Kentucky’s Josh Allen took home the award last season.
Former Baylor quarterback Peyton Powell has a new football home in the Pac-12. Powell announced on Thursday he is heading to Utah to join the Utes program.
“It’s time for me to clear the air and I WILL be doing that at THE University of Utah,” Powell said in a statement share don his Twitter account on Thursday afternoon.
Powell came to Baylor with the hopes of being able to compete and play quarterback for the Bears. That opportunity was one of the reasons Baylor ended up winning his commitment out of high school, while many schools hoping to sign the four-star athlete could find ways to use his athleticism at different positions. Powell, a member of the Baylor Class of 2019, has not played this season and will have four years of eligibility remaining. NCAA rules would force Powell to sit out the 2010 season before being ruled eligible to play, but he may be given a chance to play right away considering he did not play during his freshman year at Baylor.
As a year of disappointing results comes down the final stretch for the Arizona Wildcats, changes are already in the air for Kevin Sumlin and the program. On Thursday, Arizona continued to go through the process of overhauling its defensive coaching staff with the firing of defensive line coach Iona Uiagalelei.
News of the coaching change was first reported by Jason Scheer of Wildcat Authority. According to that same report, defensive analyst Greg Patrick will be moved into the position of defensive line coach, at least for the remainder of the current season.
Arizona ranks 73rd nationally in rushing defense, 113th in sacks, and 119th in tackles for a loss. These are all stats most commonly used to evaluate the performance of the defensive line, and the results this late in the season just simply aren’t good any way you look at it.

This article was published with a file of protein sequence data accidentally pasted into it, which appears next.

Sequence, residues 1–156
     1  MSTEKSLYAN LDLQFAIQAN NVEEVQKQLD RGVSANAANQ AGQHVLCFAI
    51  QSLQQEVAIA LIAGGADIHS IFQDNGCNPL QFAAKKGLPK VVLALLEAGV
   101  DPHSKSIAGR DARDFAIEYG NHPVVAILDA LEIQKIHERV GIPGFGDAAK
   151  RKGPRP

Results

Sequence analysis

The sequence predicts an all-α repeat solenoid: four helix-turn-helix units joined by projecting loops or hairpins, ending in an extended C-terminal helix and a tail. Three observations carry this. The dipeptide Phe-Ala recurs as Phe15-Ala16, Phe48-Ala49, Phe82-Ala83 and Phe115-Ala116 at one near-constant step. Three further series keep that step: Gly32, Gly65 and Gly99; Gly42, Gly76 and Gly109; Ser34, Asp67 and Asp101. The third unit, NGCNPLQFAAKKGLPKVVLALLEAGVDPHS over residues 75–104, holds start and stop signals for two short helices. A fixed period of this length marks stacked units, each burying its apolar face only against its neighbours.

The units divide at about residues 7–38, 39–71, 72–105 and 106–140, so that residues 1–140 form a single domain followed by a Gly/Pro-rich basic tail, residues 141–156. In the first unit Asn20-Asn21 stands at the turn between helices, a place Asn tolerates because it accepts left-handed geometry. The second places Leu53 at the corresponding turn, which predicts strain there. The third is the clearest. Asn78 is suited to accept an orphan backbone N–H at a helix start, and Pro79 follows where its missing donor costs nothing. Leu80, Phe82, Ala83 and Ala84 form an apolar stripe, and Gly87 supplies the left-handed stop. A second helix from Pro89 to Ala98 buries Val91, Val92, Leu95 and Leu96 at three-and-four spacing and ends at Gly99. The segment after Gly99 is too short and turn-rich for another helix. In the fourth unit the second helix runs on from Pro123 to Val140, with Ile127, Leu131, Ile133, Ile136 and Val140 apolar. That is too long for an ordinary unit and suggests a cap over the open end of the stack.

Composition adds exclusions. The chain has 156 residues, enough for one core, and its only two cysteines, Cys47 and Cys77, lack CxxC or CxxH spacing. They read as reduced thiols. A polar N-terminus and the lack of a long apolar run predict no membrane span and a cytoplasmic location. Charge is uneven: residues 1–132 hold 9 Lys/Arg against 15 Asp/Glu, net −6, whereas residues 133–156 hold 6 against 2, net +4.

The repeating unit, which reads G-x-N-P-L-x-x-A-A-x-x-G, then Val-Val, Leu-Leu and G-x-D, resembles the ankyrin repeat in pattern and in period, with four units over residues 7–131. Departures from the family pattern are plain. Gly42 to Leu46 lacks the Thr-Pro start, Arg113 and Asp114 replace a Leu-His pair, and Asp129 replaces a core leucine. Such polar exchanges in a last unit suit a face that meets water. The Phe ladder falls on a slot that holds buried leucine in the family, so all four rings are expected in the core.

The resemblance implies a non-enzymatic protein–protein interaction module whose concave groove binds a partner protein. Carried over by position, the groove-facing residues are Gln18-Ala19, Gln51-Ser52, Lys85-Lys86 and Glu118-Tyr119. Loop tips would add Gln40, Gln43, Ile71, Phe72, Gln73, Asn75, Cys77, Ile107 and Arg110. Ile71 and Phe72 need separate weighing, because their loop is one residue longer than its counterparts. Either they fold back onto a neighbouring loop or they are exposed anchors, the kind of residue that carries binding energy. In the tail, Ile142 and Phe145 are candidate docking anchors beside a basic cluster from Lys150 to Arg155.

A month ago, Arizona parted ways with defensive coordinator Marcel Yates and linebackers coach John Rushing. Uiagalelei is the third defensive coach to be removed from the staff during the 2019 season.
Wisconsin running back Jonathan Taylor is attempting to do something that has only been done twice before by winning the Doak Walker Award in back-to-back seasons. Taylor was one of the 10 semifinalists revealed by the Doak Walker Award on Thursday, putting last year’s top running back one step closer to pulling off the rare feat on the college football award circuit.
Taylor will have some stiff competition for the award this season. Among the other semifinalists for the award include Oklahoma State’s Chuba Hubbard, the nation’s rushing leader with 1,726 yards and 20 rushing touchdowns (Taylor has 1,463 yards and 17 rushing touchdowns in the same number of games as Hubbard).
Darren McFadden of Arkansas is the most recent player to win the Doak Walker Award in back-to-back seasons, doing so in 2006 and 2007. The only other player to win the award in consecutive seasons, and the only other two-time winner of the Doak Walker Award, is Ricky Williams of Texas. Williams won the award in 1997 and 1998. Taylor joined former Wisconsin running backs Melvin Gordon (2014), Montee Ball (2012) and Ron Dayne (1999) to move Wisconsin into first place for most all-time Doak Walker Award winners. Texas also has four awards won, but by three players (Ricky Williams twice, Cedric Benson in 2004 and D’Onta Foreman in 2016).
The other semi-finalists for the Doak Walker Award this year include LeVante Bellamy of Western Michigan (21 touchdowns leads the nation), AJ Dillon of Boston College, JK Dobbins of Ohio State, Clyde Edwards-Helaire of LSU, Travis Etienne of Clemson, Kenneth Gainwell of Memphis, Xavier Jones of SMU, Zack Moss of Utah.